For several years now I had been in this period of life where things were sometimes light, sometimes dark, but usually just a mingled grey. It started with overwhelm as things slowly happened one after another, built up and then moved into this climax of life: people passed away that I loved and things that I loved died. I hung on to being in the now, because the future seemed far away and murky with nothing there to really grasp or see. I also felt like I was in the “middle” a lot, and just didn’t feel strongly enough to “really” fit anywhere. All I had was the faith that God had a plan for me, and perhaps, yes, even a plan for the me that I am outside of my own children and family. I felt like He was calling me to something, but I had no idea what.
In this Eastertide, in this very first inkling with the seedlings of the earth, several things started mingling in my head and my heart….It started with Continue reading
The last post I wrote about the twelve year old was here: http://theparentingpassageway.com/2013/09/10/the-twelve-year-old/. I have a little girl who is almost thirteen now, and I wanted to write some more things about the twelve year old before we move out of this age.
First of all, The Gesell Institute has some things to say about the twelve year old in general terms which most parents find helpful. In general, the age of twelve is more calm and tolerant of everyone around them than eleven year olds. Isn’t that a relief? Twelve year olds tend to be kind of detached with their mothers, and sometimes with their family in general, but friendly. Twelve is also often willing for adults to have some of their own “adult’’ life and not watch too carefully over that. Twelve year olds are more tolerant of siblings (sort of!)…in general, twelve year olds get along well with siblings who are under the age of four and those over the age of sixteen. So, sibling quarreling can still exist. Friends are important, too. Most twelve year olds are branching out to have a larger social circle. I have found this to be true with some homeschooled children, and not true with others. Opportunities to make friends and be a friend are part of being twelve.
Other points about twelve: Continue reading
You can see where my sixth grader and I left off in history in this last post about Ancient Rome here http://theparentingpassageway.com/2014/01/24/gallery-of-work-from-sixth-grade-ancient-rome/ (There are three separate posts about Rome on this blog). We moved on to Medieval History this past month so I wanted to finish up our sixth grade history journey for you all.
My main resources were: Continue reading
do things that are child-like. Love them anyway.
push “buttons” that you didn’t know you had and push boundaries. Love them anyway.
go through hard challenges and problems because they are human. Love them anyway.
bring up your own baggage from the past. Love them anyway. Continue reading
In the tradition of Rudolf Steiner’s inner work according to the rhythm of each day of the week, today (Wednesday) is the day of “Right Standpoint”. It is this idea of ordering our lives with harmony. Put our lives in harmony with our values. Put our lives in harmony with nature. Put our lives in harmony, I would say, with God and the purpose God has set you here on earth for. (As a Christian, I see definite purposes for my life as laid out in the Bible and by the Early Church fathers). Life is one of the means, a tool, to our own inner development as a human being.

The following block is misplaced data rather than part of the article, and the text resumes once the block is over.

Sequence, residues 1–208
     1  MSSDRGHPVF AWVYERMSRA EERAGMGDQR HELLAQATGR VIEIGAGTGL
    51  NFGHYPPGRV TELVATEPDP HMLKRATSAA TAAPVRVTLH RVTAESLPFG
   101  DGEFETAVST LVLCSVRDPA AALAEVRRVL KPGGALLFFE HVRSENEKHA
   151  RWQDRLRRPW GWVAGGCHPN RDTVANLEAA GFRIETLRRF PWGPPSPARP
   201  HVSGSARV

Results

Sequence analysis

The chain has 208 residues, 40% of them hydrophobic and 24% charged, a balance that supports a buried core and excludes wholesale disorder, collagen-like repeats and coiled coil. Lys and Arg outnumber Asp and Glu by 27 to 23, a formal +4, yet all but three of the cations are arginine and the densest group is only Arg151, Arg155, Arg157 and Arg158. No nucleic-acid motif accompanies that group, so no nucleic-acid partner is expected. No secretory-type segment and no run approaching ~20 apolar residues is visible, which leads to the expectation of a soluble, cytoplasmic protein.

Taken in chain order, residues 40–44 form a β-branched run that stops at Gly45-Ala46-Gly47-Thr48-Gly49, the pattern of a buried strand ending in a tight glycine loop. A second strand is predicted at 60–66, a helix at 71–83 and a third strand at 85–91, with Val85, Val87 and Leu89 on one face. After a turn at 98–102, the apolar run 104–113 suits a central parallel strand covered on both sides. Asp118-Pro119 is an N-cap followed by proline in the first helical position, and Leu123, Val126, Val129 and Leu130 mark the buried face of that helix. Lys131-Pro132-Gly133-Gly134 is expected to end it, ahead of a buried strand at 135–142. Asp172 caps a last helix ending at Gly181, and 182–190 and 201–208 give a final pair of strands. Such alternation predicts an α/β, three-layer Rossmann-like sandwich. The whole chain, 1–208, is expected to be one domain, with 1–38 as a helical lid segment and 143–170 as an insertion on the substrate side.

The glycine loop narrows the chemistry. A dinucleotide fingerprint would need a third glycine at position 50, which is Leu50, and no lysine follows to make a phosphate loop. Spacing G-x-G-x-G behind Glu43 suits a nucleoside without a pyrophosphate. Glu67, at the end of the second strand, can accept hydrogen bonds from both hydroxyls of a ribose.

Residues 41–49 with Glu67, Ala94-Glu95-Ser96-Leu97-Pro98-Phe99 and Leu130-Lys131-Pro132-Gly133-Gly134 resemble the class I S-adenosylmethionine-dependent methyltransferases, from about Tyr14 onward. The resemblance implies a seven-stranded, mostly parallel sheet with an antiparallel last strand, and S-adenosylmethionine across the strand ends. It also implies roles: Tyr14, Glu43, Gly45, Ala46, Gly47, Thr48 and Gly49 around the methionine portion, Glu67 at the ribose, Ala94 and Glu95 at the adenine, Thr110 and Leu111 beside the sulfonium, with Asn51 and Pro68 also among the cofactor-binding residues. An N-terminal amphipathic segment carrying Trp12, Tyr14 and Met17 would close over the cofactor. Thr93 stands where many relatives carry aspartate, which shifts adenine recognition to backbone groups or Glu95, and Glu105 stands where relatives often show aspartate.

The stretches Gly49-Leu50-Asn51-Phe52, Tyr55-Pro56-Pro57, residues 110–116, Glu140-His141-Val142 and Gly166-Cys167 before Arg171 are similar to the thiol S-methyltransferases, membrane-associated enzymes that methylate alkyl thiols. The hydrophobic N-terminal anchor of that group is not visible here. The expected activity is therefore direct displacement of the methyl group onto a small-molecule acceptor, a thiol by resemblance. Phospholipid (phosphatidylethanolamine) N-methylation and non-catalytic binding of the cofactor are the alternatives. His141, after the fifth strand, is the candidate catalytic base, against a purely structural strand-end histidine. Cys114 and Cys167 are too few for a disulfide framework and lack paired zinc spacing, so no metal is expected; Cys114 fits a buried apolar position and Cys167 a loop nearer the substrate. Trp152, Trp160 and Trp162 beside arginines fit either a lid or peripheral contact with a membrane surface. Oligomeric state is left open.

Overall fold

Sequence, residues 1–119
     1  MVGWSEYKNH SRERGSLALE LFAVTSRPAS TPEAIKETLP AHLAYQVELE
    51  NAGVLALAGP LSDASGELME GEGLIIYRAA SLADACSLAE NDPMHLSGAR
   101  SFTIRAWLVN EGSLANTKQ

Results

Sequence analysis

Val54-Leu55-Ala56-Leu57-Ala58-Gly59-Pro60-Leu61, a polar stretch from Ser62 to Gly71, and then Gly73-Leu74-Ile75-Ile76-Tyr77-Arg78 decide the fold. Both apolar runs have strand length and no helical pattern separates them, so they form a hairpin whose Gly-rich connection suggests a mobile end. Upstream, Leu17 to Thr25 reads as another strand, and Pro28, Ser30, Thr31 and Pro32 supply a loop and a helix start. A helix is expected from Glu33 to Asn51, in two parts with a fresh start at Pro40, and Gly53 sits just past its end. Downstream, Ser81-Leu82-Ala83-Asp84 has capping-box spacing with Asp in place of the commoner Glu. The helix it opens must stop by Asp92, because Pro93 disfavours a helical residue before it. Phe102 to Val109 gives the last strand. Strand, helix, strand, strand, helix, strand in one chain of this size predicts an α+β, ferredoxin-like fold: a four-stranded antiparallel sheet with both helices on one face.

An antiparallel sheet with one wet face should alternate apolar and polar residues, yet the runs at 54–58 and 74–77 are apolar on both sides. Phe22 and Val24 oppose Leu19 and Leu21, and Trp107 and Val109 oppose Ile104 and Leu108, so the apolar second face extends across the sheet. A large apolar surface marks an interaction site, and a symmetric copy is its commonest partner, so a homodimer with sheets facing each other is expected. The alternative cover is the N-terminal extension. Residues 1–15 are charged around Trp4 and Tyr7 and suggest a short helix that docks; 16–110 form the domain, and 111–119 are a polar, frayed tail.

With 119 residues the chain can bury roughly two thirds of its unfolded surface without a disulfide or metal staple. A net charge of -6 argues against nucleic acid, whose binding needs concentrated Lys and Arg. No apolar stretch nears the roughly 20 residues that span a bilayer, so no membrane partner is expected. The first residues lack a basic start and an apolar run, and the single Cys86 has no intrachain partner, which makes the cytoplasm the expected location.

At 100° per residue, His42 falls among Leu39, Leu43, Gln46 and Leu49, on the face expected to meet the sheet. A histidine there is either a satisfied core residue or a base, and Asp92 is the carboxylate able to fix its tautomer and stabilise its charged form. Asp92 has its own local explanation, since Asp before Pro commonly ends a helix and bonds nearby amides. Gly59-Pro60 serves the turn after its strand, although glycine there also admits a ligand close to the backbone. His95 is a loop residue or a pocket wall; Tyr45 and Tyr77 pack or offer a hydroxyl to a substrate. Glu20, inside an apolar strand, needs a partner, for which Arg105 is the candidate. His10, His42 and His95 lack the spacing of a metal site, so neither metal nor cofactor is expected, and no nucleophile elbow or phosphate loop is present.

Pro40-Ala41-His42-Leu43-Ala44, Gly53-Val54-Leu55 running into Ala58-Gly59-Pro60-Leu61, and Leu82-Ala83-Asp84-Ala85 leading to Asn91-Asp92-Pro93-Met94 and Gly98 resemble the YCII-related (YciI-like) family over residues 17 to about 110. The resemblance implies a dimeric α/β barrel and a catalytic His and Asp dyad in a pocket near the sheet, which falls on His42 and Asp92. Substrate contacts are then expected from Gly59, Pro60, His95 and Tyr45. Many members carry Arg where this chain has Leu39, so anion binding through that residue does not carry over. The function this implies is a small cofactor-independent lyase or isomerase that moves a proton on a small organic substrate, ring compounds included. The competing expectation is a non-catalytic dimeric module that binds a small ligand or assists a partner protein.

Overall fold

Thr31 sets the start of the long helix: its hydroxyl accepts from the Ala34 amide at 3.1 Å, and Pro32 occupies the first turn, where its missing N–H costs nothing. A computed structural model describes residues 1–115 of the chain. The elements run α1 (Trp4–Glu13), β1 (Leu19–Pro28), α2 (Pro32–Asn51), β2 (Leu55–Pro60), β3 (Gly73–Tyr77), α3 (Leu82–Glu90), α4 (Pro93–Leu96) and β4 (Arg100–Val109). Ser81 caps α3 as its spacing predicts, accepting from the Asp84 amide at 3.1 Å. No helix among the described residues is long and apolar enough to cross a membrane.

If this is important for us as adults to work on, how much more important is this for our children who are still developing? And, because our children are developing, it is up to us to help order their lives in these ways.
We can say no to media and screens because it is “entertainment” that is often full of sarcasm, violence, hypocrisy, and fills time instead of having our children learn to create and order their own time.
We can say yes to Continue reading
These are a few of the reading lists I have for multicultural children’s literature for the English speaking reader:
Children’s literature by Native American authors – from preschool through high school/adult reading: http://www.slj.com/2013/11/collection-development/focus-on-collection-development/resources-and-kid-lit-about-american-indians-focus-on/#_
One of the best sites I have found for African American children’s literature: http://www.best-childrens-books.com/african-american-childrens-books.html (by grade and also award winners by year).
For Asian/Pacific Rim children’s literature: http://childrensbooks.about.com/gi/o.htm?zi=1/XJ&zTi=1&sdn=childrensbooks&cdn=parenting&tm=103&f=20&su=p284.13.342.ip_&tt=3&bt=5&bts=75&zu=http%3A//www.nea.org/grants/29506.htm and here: http://www.cynthialeitichsmith.com/lit_resources/diversity/asian_am/asian_am.html (if you look on the sidebar there are links to books of Chinese heritage, Japanese heritage and Korean heritage). There are also literature awards focused on Asia/Pacific Rim Children’s Literature. The award winners for 2013 are here: http://www.apalaweb.org/2013-asianpacific-american-award-for-literature-winners/
For children’s literature by Latino authors, by grade level: http://ccb.lis.illinois.edu/Projects/Additions%20on%209-20-07/CCB/CCB/mhommel2/Booklists.htm
For children’s literature regarding the Middle East: http://www.pragmaticmom.com/2011/08/top-10-arabic-american-childrens-books/ and an extensive list here: http://bernadettesimpson.com/Childrens-YA-Books-MiddleEast.pdf
If you have a list on your blog of your favorite children’s literature as related to your religion or your cultural heritage, please leave a link in the comment box so my readers can find it!
It is that planning time of year again, and I wanted to share with you all six books that I have found really indispensable on this homeschooling adventure. All except one will carry you through all of the grades, so here goes! Continue reading